Bryn Mawr Classical Review 2000.10.18
James R. Stewart, Corpus of Cypriot Artefacts of the Early Bronze Age, Part III:1 (edited by Eve Stewart). Jonsered: Paul Astroms Forlag, 1999. Pp. xvi, 124. ISBN 91-7081-159-8. 400 SEK.
Reviewed by David W. Rupp, Brock University, Canada (email@example.com)
Word count: 772 words
What can one say about a selected catalogue raisoné of Cypriot Early (and Middle) Bronze Age Red Polished ware ceramics of just four types/subtypes of open shape vessels that came from funerary assemblages? That it has pithy, detailed entries present in a staccato-like format of facts, phrases and references? That each entry has a at least one line high quality drawing/profile and an acceptable B/W photograph (not to mention a color frontispiece)? That there is no introduction to or explanation of the catalog, let alone a conclusion? That this is a part of a larger study which is not described in any fashion? That it is not an "easy read" even for a Cypriot ceramic specialist? While such comments may make readers wonder why any one would want to "read" this volume even in a cursory fashion in a library they would be mistaken to believe there is no intrinsic value here. Throughout the catalog, J.R. Stewart has scattered many noteworthy as well as interesting points and observations. These occur in the laconic introductions to the four different ceramic "classes" covered by the catalog, in the discussions of the individual entries and in the analyses of the decorative motifs as well as their syntax of use. These are based on his extensive excavation experiences in Cyprus, his broad knowledge of the Cypriot Bronze Age ceramic repertory and his intuitions/insights that evolved from the former two. The editor, E. Stewart, should be commended for making all of this available to researchers studying the Cypriot Bronze Age.
The vessels under consideration here are all small- to medium-sized open shapes used to contain various liquids for short periods of time. These are divided somewhat arbitrarily into four separate but closely related "classes." "Class X" has 12 types/subtypes of so-called "milk bowls." Stewart supports Sir J. Myres' assertion that these vessels with tubular side spouts were used mostly for separating cream from milk in goat husbandry. He believes, however, that the round-based bowls ("Group C") "were employed for a less innocuous purpose connected with the enjoyable evil of strong drink." (1) For the basket-handled bowls ("Group D") Stewart points out their similarities in shape and fabric to those found in the "Yortan culture" of western Turkey. In the end, he sees this as a result of parallel but independent developments copying probably in each case a prototype in basketry. The 9 types/subtypes of basins ("Class XI") are postulated to have been used mainly as "communal feeding troughs" (47) for individuals seated around them or "like the modern carving dish or stewpot." (47) One type, "Group G," he thinks could have been used for panning for gold in the river torrents of the Troodos mountains. "Cream bowls" (2 types in "Class XII") are "derived by analogy from Class X since cream could have been drawn off from the surface by way of the trough spout at the rim." (69) The greater width to depth would have facilitated the settling of the cream. The fourth class ("XIII," with 12 types/subtypes of bowls is a general category for those vessels which were not included in the previous classes. He admits to being "over-meticulous in the typology" (74) here. The so-called "Tulip bowl" ("Groups B, B2 and B3") Stewart believes based on the nature of the shape and on the manner of decoration was used for pouring a liquid in ritual context. He gives an extensive presentation of the decorative motifs and their syntax of use here. The possible symbolic meaning(s) of these motifs is commented on as well. Many are seen to have "heavenly significance." (89) When Stewart believes that the discussion warrants it, he also tabulates the geographical and the chronological distributive patterns of some of the types/subtypes. This leads to discussions of possible "workshops" and "schools" of production as well as their probable locations.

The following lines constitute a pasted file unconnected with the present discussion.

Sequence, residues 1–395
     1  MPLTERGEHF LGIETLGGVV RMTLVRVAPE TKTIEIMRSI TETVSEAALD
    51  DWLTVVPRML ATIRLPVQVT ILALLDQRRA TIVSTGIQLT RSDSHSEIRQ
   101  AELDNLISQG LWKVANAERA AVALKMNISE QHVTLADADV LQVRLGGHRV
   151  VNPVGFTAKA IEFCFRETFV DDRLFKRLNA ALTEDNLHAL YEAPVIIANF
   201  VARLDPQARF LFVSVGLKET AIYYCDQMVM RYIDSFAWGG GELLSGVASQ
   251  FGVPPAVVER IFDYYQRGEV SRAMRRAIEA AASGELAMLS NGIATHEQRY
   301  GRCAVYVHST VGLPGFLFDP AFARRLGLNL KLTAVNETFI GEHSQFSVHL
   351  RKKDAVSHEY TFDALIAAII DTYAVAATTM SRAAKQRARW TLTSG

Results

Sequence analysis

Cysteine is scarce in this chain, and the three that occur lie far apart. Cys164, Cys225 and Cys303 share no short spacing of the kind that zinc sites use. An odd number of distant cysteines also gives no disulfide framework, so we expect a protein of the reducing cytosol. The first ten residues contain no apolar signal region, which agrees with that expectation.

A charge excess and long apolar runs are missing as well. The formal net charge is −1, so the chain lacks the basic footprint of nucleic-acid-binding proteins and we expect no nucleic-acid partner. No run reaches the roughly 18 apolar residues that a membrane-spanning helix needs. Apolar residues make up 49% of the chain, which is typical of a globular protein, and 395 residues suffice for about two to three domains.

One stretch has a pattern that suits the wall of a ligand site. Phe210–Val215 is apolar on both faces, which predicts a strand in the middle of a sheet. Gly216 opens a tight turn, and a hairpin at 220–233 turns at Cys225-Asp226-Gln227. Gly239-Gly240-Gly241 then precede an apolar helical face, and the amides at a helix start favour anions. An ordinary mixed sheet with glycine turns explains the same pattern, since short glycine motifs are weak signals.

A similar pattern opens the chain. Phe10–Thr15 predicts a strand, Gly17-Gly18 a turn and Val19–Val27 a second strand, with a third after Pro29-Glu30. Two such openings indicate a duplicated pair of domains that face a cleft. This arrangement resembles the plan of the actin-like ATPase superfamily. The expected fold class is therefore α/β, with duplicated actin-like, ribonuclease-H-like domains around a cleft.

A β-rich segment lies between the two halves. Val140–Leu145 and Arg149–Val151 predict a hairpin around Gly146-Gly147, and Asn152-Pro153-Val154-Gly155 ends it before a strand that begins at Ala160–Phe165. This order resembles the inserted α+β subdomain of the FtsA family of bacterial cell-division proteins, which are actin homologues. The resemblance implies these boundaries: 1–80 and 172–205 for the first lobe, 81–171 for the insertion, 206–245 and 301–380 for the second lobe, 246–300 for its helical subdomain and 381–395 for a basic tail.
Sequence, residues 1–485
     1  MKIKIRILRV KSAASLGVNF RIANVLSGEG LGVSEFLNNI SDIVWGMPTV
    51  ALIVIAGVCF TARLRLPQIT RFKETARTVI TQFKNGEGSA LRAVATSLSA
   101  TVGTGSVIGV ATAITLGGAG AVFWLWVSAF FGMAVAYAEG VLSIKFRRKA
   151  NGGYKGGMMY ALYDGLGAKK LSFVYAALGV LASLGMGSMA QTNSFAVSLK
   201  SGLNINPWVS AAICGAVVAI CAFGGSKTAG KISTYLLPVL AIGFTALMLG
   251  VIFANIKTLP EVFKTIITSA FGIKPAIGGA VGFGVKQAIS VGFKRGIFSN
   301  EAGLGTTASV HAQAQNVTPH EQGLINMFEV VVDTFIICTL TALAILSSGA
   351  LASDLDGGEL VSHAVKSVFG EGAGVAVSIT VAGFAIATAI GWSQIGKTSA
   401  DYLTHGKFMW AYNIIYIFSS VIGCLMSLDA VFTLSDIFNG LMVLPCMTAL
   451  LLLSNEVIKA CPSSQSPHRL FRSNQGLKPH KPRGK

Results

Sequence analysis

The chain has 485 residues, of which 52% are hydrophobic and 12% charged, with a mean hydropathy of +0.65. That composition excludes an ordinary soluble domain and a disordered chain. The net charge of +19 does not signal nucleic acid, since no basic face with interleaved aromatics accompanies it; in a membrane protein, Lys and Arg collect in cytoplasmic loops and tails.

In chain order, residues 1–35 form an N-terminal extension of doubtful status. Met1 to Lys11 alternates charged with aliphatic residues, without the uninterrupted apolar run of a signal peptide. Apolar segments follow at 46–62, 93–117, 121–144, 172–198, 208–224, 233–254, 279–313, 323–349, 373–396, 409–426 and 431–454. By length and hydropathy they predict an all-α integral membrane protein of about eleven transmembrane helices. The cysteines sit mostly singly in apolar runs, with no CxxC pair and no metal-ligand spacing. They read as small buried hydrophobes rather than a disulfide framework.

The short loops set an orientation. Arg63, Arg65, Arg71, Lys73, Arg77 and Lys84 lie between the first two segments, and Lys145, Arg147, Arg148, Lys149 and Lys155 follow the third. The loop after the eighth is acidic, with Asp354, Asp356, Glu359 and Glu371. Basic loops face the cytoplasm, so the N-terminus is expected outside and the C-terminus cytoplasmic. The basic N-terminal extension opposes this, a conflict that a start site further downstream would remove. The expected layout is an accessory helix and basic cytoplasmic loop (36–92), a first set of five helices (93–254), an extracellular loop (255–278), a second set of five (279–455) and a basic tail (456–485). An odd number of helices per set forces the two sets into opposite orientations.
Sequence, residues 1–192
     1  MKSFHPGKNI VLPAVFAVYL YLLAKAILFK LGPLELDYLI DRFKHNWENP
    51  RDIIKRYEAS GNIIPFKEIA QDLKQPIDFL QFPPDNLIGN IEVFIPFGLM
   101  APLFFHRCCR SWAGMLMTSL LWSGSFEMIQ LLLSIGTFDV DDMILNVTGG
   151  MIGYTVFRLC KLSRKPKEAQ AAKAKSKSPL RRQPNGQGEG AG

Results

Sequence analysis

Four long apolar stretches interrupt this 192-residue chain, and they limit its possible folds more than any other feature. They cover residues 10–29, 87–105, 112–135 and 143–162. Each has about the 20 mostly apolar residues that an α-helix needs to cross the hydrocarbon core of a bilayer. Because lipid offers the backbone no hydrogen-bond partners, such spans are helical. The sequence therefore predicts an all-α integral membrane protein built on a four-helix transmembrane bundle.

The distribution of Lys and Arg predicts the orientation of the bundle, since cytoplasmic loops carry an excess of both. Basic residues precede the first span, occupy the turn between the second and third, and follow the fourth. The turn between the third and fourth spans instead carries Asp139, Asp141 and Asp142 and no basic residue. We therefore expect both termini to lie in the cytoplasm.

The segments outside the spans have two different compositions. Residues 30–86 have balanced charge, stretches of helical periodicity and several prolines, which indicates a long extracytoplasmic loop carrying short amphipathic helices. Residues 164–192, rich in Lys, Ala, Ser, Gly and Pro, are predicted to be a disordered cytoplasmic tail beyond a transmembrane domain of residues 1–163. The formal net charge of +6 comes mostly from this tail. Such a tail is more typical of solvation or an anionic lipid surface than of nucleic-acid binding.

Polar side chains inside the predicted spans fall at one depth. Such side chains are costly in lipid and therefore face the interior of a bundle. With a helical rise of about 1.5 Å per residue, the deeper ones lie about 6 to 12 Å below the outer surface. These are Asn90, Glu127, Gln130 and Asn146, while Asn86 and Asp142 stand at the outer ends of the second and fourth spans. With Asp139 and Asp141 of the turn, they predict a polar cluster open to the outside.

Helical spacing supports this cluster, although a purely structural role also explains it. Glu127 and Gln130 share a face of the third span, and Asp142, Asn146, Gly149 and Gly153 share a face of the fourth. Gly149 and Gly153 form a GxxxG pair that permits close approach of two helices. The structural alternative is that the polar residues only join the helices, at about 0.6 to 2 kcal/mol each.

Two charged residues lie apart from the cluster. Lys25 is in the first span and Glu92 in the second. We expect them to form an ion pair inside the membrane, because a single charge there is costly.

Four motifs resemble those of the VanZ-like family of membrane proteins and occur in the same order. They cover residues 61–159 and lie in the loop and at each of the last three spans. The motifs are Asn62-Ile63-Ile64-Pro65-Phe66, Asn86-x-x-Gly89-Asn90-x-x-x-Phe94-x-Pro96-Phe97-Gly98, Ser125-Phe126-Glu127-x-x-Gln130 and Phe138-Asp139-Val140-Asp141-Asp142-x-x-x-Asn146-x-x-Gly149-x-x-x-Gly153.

While this volume fulfills as well as it can the aims of the series it is a part of (i.e. a corpus which documents vessels and artifacts in known collections mostly outside of Cyprus) it highlights an underlying inherent problem: most of this material comes from tomb assemblages, often not properly excavated. Therefore, the place of manufacture, the function(s), and the cultural meanings of these vessels can not be understood fully without having a well-excavated and fully published corpus of the totality of the ceramic assemblages from a series of settlements througout the island for each major chronological phase for comparison. As a result, any conclusions that one wishes to draw from studies such as this concerning typology, chronology, distribution, iconography, function, etc. must be seen as very tentative and quite possibly skewed.